Our People: Meet Elizabeth Hardy, clinical social worker, Transitional and Lifelong Care program

What do you know about the people you pass in the hall or see in the cafeteria every day? What do they do at St. Joseph’s? Here we will introduce you to a member of the St. Joseph’s family, recognizing their contribution to respect, excellence and compassion.

Elizabeth

Role:

“Relationships are key,” says clinical social worker Elizabeth Hardy, who has worked within the Transitional and Lifelong Care (TLC) Program at St. Joseph’s Parkwood Institute since it was first established in 2015. “Connecting with people and letting them know that I am here to help is everything.”

In her role, Elizabeth works collaboratively with a team comprised of a physician, nurse practitioner, occupational therapist, speech language pathologist, and other allied health professionals to provide care to adolescents and adults (15 year of age or older) from Southwestern Ontario who have special health and rehabilitative needs related to a condition of childhood onset. This includes people with cerebral palsy, spina bifida, Rett Syndrome, developmental delay, and others.    

As a clinical social worker, Elizabeth meets directly with patients for clinical assessments and psychological support. She also connects with patients and their families to help secure appropriate funding and housing options, build rapport, and assist with the planning of life transitions, which includes transitioning into adulthood and coping with the loss of a caregiver or family member.   

A Typical Day:

While her work days are varied, a constant for Elizabeth is ensuring that patients know that she is available to them when needed. 

“Our team supports patients who have significant health care needs throughout their adulthood,” says Elizabeth. “As they transition into adulthood, difficult conversations and changing roles often occur within the family unit. Part of my role is to help patients, families and caregivers talk about these challenges and be an accessible point of resource for them.” 

Personal Touch:

Establishing a sense of trust and a long-term connection is pivotal to her role.  “I like to bring a touch of humanity when working with patients, families and caregivers,” says Elizabeth. “Whether it’s a bit of humour or sharing of stories – something that makes us all feel like we are in this together. It’s imperative for those I work with.”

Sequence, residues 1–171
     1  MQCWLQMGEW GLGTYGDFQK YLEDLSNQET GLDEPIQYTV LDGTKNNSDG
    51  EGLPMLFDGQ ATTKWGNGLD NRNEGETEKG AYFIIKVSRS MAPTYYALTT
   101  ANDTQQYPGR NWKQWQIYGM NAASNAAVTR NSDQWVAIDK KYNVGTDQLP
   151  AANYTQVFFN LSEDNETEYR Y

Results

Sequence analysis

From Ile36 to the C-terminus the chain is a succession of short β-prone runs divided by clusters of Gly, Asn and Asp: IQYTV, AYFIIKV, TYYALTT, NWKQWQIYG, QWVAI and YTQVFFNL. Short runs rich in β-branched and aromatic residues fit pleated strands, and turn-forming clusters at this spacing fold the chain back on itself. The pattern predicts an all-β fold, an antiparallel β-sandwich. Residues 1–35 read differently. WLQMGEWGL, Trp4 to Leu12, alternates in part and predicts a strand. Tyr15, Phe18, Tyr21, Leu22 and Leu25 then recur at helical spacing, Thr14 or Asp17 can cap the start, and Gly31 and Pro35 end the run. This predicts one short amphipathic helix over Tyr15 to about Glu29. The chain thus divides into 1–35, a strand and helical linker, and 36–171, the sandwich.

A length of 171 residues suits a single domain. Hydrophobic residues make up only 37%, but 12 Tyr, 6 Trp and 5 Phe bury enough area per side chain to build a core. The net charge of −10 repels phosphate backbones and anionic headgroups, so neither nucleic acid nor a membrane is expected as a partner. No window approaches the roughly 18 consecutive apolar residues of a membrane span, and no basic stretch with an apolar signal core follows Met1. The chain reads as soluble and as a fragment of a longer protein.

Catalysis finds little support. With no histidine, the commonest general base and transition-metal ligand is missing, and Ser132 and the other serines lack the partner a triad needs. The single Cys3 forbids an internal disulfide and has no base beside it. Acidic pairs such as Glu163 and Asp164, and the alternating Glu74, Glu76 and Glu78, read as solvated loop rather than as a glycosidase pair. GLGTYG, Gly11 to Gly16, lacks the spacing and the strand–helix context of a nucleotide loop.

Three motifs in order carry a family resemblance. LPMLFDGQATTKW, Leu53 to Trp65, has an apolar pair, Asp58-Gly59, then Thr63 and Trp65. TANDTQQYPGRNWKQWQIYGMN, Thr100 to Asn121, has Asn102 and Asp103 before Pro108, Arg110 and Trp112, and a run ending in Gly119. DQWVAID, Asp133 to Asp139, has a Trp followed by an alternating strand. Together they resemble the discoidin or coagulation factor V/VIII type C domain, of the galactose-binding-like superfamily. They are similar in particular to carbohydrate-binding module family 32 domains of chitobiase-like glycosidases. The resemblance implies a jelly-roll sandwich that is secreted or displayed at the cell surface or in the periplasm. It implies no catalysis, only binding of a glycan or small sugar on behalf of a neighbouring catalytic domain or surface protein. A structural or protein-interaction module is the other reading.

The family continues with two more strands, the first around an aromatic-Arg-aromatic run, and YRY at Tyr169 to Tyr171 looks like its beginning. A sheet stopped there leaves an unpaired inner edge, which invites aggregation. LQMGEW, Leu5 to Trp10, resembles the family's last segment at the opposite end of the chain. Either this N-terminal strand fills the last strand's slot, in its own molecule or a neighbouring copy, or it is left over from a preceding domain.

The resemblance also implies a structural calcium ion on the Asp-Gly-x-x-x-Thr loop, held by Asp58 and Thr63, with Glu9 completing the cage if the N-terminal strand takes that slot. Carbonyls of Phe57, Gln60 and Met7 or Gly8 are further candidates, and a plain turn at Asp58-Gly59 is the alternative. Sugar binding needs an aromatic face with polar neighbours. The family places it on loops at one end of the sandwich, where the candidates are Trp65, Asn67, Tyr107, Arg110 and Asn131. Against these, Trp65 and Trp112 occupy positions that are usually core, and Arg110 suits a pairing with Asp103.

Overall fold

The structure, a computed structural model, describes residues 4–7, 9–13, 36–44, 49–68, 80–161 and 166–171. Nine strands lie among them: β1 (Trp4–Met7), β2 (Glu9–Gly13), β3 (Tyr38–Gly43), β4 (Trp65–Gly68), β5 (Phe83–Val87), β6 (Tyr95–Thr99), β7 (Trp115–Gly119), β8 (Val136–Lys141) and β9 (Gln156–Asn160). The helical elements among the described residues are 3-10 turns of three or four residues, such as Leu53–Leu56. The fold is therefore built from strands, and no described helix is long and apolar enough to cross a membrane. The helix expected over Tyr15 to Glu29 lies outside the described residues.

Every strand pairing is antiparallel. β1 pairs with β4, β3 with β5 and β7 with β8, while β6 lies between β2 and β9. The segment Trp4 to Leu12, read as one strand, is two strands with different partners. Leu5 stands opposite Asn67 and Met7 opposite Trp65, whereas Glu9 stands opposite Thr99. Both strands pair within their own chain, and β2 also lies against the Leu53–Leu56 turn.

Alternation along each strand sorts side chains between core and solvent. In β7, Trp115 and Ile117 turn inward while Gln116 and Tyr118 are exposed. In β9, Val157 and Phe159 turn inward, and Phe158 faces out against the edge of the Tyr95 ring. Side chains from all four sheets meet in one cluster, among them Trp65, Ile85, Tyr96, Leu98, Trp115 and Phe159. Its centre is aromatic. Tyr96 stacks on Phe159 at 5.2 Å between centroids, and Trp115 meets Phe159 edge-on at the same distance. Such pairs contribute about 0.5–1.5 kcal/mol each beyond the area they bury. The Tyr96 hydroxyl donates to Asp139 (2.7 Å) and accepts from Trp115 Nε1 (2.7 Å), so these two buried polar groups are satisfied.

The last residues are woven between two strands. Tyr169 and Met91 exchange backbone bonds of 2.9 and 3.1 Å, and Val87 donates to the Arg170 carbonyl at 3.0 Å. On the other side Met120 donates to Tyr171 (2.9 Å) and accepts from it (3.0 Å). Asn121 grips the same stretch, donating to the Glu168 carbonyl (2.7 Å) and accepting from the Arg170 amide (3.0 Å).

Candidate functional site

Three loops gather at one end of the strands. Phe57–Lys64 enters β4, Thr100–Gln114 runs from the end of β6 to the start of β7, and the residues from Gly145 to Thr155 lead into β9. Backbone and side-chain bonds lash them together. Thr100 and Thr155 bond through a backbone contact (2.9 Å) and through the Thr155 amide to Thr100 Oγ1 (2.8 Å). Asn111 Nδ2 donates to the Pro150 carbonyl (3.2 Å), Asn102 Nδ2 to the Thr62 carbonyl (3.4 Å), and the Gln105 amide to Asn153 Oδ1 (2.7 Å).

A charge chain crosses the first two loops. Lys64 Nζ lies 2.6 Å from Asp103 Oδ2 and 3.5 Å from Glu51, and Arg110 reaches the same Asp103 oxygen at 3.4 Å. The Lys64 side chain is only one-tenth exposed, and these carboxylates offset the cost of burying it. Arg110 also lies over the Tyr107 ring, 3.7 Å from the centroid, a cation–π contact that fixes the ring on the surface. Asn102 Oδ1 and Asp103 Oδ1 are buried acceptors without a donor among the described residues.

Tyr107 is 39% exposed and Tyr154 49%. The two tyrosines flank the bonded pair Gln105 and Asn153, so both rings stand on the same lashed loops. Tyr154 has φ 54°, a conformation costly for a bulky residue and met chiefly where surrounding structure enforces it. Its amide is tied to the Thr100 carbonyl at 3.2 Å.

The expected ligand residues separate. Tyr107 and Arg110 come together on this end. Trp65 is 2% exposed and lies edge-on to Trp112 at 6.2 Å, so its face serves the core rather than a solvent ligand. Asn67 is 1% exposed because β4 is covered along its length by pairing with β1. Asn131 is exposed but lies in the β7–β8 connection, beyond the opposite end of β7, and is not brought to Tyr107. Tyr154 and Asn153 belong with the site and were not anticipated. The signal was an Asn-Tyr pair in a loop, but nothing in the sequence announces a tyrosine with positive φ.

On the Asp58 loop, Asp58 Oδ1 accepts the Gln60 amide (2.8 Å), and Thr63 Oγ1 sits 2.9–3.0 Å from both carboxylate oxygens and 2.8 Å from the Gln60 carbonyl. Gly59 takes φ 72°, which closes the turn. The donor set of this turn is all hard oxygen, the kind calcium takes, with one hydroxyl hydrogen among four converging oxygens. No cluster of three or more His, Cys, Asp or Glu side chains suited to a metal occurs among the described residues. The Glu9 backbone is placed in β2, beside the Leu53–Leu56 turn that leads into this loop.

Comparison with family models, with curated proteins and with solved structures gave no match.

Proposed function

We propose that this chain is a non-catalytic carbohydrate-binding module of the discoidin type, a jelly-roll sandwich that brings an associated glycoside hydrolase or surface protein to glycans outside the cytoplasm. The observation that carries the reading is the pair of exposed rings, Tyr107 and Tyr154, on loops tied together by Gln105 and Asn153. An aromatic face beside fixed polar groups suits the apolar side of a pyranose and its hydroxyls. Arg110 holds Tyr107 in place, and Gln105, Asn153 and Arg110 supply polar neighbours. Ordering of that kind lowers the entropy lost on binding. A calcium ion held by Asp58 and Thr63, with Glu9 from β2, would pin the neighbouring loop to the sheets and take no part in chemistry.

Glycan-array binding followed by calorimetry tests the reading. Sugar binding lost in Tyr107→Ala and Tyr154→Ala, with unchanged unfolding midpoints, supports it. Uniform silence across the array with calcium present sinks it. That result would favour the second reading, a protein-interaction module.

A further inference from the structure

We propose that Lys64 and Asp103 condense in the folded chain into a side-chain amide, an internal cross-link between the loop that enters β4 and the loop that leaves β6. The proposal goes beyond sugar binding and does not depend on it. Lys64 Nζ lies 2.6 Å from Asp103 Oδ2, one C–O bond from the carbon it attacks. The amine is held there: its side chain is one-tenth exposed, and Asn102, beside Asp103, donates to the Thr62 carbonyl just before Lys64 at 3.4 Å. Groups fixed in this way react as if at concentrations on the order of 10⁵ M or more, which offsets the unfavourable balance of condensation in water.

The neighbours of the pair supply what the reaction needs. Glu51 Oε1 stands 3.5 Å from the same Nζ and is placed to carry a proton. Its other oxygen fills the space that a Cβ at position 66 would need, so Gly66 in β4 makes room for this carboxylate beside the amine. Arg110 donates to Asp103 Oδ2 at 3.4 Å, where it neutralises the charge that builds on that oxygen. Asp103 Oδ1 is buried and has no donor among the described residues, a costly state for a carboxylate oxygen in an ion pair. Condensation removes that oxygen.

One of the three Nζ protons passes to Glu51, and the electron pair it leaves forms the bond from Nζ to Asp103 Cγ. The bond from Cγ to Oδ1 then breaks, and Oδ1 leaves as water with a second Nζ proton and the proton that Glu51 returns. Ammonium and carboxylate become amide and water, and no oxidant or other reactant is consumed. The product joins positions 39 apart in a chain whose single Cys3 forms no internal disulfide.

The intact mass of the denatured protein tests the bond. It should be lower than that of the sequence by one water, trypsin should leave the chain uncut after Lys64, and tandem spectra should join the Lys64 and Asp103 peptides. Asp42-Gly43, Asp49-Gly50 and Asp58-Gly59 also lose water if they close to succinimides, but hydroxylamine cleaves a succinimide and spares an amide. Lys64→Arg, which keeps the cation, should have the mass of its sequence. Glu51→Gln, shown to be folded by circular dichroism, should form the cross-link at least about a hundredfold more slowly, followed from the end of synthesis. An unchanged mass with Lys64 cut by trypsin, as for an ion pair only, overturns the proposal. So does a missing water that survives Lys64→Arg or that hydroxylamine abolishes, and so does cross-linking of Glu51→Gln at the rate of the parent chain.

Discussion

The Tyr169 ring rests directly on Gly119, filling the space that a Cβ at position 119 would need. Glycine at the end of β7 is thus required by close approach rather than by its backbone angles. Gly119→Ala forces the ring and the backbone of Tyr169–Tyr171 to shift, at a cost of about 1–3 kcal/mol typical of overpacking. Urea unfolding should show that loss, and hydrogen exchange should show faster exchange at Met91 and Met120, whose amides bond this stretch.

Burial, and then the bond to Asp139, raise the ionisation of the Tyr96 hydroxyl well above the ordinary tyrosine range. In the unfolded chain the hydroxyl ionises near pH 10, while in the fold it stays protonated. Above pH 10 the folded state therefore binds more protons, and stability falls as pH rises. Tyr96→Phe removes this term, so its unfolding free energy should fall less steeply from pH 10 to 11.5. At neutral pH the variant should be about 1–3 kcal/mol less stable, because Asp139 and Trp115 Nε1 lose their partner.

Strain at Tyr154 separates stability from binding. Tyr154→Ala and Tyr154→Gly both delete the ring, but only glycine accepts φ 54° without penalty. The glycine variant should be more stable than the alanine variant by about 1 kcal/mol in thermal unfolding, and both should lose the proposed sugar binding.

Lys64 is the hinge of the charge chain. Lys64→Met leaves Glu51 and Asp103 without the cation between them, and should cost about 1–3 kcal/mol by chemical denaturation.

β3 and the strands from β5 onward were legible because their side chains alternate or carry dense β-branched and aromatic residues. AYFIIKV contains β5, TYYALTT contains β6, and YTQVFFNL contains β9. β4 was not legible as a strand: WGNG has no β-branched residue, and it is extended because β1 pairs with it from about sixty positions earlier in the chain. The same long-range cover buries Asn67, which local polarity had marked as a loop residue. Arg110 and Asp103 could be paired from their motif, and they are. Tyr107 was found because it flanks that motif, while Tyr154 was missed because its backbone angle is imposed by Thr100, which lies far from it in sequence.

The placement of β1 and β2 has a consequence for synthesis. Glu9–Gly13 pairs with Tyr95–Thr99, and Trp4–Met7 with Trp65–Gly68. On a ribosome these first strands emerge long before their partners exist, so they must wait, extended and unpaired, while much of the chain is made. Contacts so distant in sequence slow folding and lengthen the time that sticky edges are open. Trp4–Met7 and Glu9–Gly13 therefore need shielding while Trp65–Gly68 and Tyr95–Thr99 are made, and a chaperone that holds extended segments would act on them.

Quote:

“You are not alone,” says Elizabeth. “It’s a message we say here. Sometimes it brings an individual relief, but more importantly it brings a sense of hope. I am fortunate to work with an incredible team of health care professionals who all work together to improve the quality of life for the patients and families we serve.” 

Just for fun:

Taking long strolls and hikes through the woods to connect with nature and unwind is not only enjoyable for Elizabeth, but helps her to recharge so she can be at her best for those she serves. 

Advocacy at work: 

Elizabeth also recently advocated for and organized the implementation of two self-management groups through the South West LHIN’s South West Self-Management Program.  

The courses, Powerful Tools for Caregivers (PTC) and Living a Healthy Life (LHL), are offered in the spring and fall to TLC patients and families. Both groups run for six weeks, are free to participants and delivered at no cost to the TLC Program since the LHIN provides full funding for materials and facilitator education.

“It’s a great partnership,” says Elizabeth. “One of the unique aspects of these two groups is that co-facilitators are people with lived experience – a caregiver, a parent of an TLC patient, and a patient within the TLC program co-facilitate the groups. The groups bring people together, provide helpful tools and strategies for families and patients living with a complex medical health condition - and most importantly offers hope.” 

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